Rookie Mistakes New Owners Make

Author: Alex Delaney

Rental property is an investment. Not only can it generate monthly income, but it can also, with care, become a valuable asset. Make sure that investment works for you. By ignoring the below information, you can put that investment at risk.

  1. Pre-marketing properties: Pre-marketing is a bad idea. It disrupts the already difficult moving process for the current tenant (risking negative reviews); it lowers the quality of marketing pictures, making the property not present well; and it dates the marketing at online rental sites, causing the property to get buried under more recent posts and making prospects question why the property can’t rent.
  2.  Not thoroughly screening tenants: Bad tenants are a nightmare. While it is impossible to completely weed out bad tenants, it is possible to lower your risks by carefully screening your prospects, looking at their credit history, their work history, and talking to their previous landlords.
  3. Not addressing maintenance and upkeep: Small, inexpensive repairs can, if unaddressed, quickly escalate. That leak behind the fridge can create water damage and mold in the walls that could cost thousands to repair. A running toilet can cost you a tenant, who finds their water bill has damaged their budget. Vines on a home, or gaps in the soffit, can create an entry point for rodents who can wreak havoc on your electrical systems and insulation.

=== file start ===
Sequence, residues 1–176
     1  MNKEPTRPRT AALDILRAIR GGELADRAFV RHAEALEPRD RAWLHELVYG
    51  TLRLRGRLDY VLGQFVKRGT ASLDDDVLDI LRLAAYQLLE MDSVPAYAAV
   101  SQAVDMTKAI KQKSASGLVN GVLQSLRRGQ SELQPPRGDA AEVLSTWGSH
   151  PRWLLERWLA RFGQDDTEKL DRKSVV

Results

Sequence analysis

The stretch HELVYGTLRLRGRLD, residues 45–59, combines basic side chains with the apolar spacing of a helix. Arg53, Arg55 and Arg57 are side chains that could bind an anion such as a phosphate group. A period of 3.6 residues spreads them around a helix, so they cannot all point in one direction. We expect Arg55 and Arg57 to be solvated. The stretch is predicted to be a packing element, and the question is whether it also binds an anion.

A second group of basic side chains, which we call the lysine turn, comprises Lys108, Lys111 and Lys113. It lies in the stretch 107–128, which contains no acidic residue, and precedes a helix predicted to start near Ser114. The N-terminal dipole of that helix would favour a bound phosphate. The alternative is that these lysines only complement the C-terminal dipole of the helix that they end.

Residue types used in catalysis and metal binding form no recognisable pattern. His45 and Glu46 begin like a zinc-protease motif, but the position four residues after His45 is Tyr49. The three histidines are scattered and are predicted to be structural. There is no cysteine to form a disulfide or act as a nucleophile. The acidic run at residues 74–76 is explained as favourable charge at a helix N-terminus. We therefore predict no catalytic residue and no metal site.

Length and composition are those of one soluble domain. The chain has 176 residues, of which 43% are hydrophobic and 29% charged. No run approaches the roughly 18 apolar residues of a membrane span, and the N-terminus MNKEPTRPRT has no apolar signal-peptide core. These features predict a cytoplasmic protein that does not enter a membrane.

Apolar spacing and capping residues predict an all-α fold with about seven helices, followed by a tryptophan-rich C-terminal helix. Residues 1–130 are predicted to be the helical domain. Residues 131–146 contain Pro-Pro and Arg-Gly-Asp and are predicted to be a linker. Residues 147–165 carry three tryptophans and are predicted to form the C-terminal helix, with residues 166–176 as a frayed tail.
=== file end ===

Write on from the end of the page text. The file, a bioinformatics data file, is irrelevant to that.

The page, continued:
4. Not performing regular inspections: While you want to keep your tenants happy and not invade their space, regular inspections let the tenants know you are serious about the upkeep of your property. Not only will they appreciate the good service of having issues resolved early, (which also keeps your repair costs down), but they will also get the clear message that if you care about the property, so should they. Neglect the home and tenants will neglect it too.  If you don’t care, why should they?
  5. Playing fast and loose with the security deposit, or not requiring enough of one:  Security deposits are regulated under state law. Neglecting to keep them in an escrow account can lead to legal entanglements. Not collecting enough of a deposit removes any tenant concern around breaching a lease, or worrying about the condition in which they leave a property.  We suggest a month’s rent.
  6. Not understanding what can be deducted from a security deposit:  You cannot deduct damages from normal wear and tear, such as the need to paint walls, or from owner neglect, such as spots in a ceiling from a leaky roof.
  7. Not being timely with the return of security deposits:  There are clear legal codes related to the timeliness of a move out inspection and return of the deposit, or explanation as to why a deposit was withheld.  Don’t follow the law and you face significant fines.
  8. Using a generic lease:  Leases are legally binding contracts between landlords and tenants.  They should reflect what is legally allowed under local law and should protect the landlord rights by clearly spelling out what is the landlord’s responsibility and what is the tenants.  Leases play a large role in evictions. If it isn’t spelled out in the lease, such as responsibility for landscaping, utilities and pest control, or charges for lease violations, you cannot get a judge to rule in your favor on those issues.
  9. Not conducting move in and move out inspections:  Inspections are the key to a return of deposits. If you cannot prove the condition of the home at move in, it can be very tricky to charge against the tenant’s deposit at move out.

There are a lot of considerations when renting a property. If you don’t have the time to run your rental property like a business, you’d be much better protected, and realize a more stable income and better profits by letting a professional company manage it for you.